For 600 million years, or roughly since the sponge, animals have evolved to control other organisms around them. Human beings are no exception.
From the first moments following his birth, a child’s development is directed toward acquiring and managing the resources necessary to stay alive. For instance, an infant learns quickly that smiles and coos and eye contact are powerful tools for attracting and holding mom’s attention. Of course, he doesn’t plan or think about this in advance. Nature equips him with cries, coos, screams and tears, and a gutsy, trial-and-error attitude toward life. He grasps quickly that a variety of behaviors are applicable under varying circumstances to get mom to do just what he wants.
This is how it should be. From birth until about age 2 — until the day he gets into the cupboard and goes for the Drano — the infant is uninterruptedly rewarded for advances in manipulating his universe and those who inhabit it.
After discovering the limits of his adorableness at 2, the child’s sophistication in understanding what others want and need goes into hyperdevelopment. By age 3, many developmental experts say, he will begin to develop strategies for using the intentions, interests and beliefs of others to satisfy his needs. And by age 5 or 6, many children possess a full-blown schema of people’s intentions and motivations, which they employ with ever-increasing skill to further their own ends.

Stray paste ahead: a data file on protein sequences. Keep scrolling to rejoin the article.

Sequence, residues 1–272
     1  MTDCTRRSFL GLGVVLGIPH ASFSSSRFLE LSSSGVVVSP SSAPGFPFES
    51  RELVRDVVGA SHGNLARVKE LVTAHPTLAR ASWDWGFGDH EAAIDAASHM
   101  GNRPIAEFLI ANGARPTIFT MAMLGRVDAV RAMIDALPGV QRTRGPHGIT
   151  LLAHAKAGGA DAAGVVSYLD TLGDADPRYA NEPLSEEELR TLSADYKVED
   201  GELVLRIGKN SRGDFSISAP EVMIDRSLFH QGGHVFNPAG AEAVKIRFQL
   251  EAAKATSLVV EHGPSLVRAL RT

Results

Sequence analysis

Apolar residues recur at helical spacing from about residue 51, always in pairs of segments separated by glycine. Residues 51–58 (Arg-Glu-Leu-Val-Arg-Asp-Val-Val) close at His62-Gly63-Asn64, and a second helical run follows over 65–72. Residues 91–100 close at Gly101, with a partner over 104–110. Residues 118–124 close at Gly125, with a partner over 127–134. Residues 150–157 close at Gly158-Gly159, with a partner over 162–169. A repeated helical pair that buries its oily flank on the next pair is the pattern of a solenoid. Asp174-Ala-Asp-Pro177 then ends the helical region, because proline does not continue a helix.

Developmental psychologist Susan Carey, author of The Origin of Concepts, puts it this way: “Selection pressures on understanding others so as to be able to manipulate them (what has been called ‘the Machiavellian mind’) may have been a driving force in the shaping of the human brain.”
So, it should come as no surprise that one of the most intractable problems between couples is the problem of feeling controlled. Men feel dominated and beaten down by their partners emotionality. Women feel manipulated by the uncaring, narcissistic demands of their husbands (and vice versa, naturally). Both feel controlled by the pouting, tantrums, criticism, stonewalling, blaming and shaming of their partner, as each tries to get his or her own way.